While investigating box jellyfish venom, researchers in Australia may have stumbled upon a potential antidote.
The Australian box jellyfish is the owner of a terrifying chemical arsenal; scientists consider it to be one of the most venomous animals on earth.
Each of its 3 meter-long tentacles has millions of so-called cnidocytes that stud its surface.
These explosive cells release microscopic venom-filled darts into the creature's prey — or unfortunate human.
Once the jellyfish has delivered its venom, the poison causes tissue death, or necrosis, and extreme pain.
A firsthand account describes how, after being stung, one victim's "first thought was that a shark had taken my right leg."
If a recipient receives a large enough dose, the venom can cause cardiac arrest and death within minutes.
Currently, there is no reliable way to halt the action of this jellyfish venom, but researchers are keen to understand how it works and, crucially, how they can stop its destructive power.
A recent study may have paved the way toward finding an antidote. The research team recently published its findings in the journal
Antidote on the horizon?
The box jellyfish, which lives off the coast of Australia and the Philippines, can actively swim, reaching speeds of more than 7 kilometers per hour. The creatures' diet of small fish means that they are often swimming in shallower waters where humans also tend to congregate.
Currently, there is no effective treatment for box jellyfish stings; as the authors of the current study explain, "The major obstacle to developing new therapies is the limited molecular understanding of venom action."
A group of researchers from the Charles Perkins Centre at the University of Sydney in Australia has been studying how the creature's venom works.
"We were looking at how the venom works, to try to better understand how it causes pain," explains Associate Professor Greg Neely, one of the study leads.
While investigating the mechanism, the scientists stumbled upon a possible way to block the action of this potent chemical.
The team used CRISPR whole genome editing techniques to identify exactly how the venom kills human cells; they refer to the process as molecular dissection.
In their study, the scientists utilized millions of human cells, knocking out a different gene in each cell. Then, they added the jellyfish venom and waited to see which cells survived. In this way, they could ascertain which genes were necessary for the venom to maintain its lethal power.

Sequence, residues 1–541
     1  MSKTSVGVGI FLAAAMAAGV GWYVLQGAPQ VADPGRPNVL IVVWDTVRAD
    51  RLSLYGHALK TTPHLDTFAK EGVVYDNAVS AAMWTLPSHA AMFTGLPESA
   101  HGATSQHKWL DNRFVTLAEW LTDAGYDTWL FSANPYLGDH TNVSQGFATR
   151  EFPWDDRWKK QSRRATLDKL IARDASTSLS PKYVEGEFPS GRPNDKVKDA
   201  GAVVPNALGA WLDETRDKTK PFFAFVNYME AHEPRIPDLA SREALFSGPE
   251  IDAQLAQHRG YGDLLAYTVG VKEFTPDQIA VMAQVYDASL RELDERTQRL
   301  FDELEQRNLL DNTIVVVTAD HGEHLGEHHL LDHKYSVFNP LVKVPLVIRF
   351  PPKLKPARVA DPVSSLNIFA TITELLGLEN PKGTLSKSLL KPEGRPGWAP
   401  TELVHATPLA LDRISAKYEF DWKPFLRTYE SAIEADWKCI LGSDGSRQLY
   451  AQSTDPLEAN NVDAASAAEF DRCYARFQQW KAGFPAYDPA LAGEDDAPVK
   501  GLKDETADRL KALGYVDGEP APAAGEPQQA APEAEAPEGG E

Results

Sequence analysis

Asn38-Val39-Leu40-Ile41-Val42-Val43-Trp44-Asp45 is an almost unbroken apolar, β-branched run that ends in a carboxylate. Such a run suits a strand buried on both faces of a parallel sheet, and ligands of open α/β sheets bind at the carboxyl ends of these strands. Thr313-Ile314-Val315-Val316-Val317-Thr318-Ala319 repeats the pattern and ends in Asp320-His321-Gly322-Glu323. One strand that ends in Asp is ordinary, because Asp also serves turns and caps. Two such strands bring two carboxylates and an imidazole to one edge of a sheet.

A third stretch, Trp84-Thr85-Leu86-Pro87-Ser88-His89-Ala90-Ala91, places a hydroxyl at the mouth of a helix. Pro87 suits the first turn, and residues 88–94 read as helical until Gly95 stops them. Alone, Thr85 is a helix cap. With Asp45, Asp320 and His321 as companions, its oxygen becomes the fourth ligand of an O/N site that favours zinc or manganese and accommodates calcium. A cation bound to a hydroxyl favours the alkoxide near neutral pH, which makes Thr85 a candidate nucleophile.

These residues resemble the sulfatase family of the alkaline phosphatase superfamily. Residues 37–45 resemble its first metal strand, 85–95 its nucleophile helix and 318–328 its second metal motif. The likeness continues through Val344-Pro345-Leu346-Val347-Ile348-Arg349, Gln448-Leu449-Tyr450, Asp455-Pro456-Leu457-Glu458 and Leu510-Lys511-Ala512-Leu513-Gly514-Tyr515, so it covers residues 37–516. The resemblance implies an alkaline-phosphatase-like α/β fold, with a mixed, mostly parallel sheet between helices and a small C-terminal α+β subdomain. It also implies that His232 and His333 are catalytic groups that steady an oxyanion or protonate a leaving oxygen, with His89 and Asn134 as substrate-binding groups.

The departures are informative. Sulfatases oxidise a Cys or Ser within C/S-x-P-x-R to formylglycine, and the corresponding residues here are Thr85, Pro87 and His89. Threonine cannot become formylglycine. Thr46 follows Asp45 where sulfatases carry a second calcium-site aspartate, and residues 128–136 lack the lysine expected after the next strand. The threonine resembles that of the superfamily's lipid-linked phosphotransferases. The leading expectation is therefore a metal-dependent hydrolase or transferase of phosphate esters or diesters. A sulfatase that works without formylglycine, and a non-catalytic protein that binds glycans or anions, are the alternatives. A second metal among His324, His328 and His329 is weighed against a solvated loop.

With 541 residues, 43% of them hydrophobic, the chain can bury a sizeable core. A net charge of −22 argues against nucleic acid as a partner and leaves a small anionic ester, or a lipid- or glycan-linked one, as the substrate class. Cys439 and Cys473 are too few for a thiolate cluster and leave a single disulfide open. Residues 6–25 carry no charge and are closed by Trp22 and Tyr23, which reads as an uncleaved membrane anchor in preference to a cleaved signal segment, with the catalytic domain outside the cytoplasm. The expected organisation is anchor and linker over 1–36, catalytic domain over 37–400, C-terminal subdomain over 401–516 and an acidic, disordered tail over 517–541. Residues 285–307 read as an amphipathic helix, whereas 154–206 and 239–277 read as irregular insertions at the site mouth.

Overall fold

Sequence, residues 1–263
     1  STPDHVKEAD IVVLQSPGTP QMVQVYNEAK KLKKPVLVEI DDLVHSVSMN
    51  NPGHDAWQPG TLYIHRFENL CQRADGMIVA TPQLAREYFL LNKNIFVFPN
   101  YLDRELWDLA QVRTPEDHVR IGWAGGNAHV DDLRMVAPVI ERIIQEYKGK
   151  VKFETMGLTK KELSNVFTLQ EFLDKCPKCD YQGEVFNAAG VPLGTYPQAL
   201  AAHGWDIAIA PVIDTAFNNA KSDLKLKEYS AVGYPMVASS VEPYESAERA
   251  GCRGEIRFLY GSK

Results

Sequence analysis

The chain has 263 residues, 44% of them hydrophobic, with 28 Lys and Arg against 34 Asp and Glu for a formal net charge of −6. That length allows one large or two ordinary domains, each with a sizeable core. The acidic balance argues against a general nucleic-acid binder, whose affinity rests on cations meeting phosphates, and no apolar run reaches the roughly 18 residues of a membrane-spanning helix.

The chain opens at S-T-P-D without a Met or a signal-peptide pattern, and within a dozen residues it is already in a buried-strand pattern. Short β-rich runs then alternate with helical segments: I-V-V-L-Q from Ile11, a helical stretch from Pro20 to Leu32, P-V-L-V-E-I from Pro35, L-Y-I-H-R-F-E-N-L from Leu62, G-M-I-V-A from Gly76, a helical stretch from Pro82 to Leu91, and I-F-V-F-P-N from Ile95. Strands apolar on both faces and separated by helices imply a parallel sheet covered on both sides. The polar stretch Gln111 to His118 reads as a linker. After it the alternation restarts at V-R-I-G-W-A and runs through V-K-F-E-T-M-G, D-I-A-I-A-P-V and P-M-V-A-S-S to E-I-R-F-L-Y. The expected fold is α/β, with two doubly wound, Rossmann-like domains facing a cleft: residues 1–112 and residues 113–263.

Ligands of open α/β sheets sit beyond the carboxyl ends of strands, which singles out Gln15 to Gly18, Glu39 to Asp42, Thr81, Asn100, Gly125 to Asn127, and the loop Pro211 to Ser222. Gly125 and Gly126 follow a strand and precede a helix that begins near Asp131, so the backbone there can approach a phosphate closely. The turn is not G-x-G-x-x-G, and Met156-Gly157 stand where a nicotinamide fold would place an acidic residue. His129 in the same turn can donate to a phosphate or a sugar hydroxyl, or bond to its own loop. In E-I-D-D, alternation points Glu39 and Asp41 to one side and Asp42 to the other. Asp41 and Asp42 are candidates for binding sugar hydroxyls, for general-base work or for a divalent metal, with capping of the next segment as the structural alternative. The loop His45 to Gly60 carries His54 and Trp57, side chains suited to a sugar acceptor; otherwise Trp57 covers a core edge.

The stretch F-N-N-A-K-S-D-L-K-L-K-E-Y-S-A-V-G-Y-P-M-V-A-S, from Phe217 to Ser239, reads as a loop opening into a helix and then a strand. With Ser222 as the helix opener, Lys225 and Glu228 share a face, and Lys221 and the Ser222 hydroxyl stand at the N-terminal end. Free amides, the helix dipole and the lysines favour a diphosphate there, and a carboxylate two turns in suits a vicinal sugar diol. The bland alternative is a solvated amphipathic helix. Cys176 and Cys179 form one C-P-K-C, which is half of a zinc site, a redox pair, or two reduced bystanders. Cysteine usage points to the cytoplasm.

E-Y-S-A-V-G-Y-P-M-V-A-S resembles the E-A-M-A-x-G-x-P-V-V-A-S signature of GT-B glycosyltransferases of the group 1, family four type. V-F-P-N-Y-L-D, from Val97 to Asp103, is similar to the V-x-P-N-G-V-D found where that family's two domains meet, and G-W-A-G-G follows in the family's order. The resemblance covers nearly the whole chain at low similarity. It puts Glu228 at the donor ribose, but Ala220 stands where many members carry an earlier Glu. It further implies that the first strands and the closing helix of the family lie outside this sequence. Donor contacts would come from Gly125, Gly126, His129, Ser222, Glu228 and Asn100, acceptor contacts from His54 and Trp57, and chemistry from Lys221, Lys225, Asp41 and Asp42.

Using this process, they identified that the venom's action relied upon cholesterol. This makes sense: cholesterol is a major component of cell membranes and is a primary target for many other toxins.
Scientists have already designed a number of drugs that interact with cholesterol. The researchers chose to test an existing drug that they also knew to be safe for humans.
First, they tested the drug on human cells in the laboratory, and when this was successful, they moved to a mouse model. Importantly, the drug prevented cell death even when the researchers applied it up to 15 minutes after they had introduced the venom.
"[W]e found it could block the tissue scarring and pain related to jellyfish stings. It is super exciting."
Lead author Greg Neely
Another of the lead authors, Raymond (Man-Tat) Lau, is excited about the future of this experimental process, explaining how this is the first time anyone has used molecular dissection to study the mechanisms of how a venom works.
A broader scope about how pain works
This study is just the first step toward an effective antidote, however. Although the authors are confident that the cholesterol drug will prevent skin scarring and necrosis, it is not clear whether it will also prevent heart attack.
It is also worth noting that there is more than one type of box jellyfish. The current study focused on the largest one — Chironex fleckeri, but there is another, equally deadly species called the Irukandji, which is just 1 centimeter in diameter.
"Our drug works on the big beast. We don't know yet if it works on other jellyfish, but we know it works on the most deadly one."
Study author Greg Neely
The researchers are keen to continue their work and take the drug to a stage where it is marketable. In their experiments, they administered the drug intravenously, but they hope to adapt the chemical so that people can use it in a spray.
Although box jellyfish stings are uncommon, Neely and his team's research has a much broader focus. They examine toxic creatures, hoping to develop a deeper understanding of how pain works. As Neely explains, "Most of our work is directed at developing non-addictive pain killers for humans."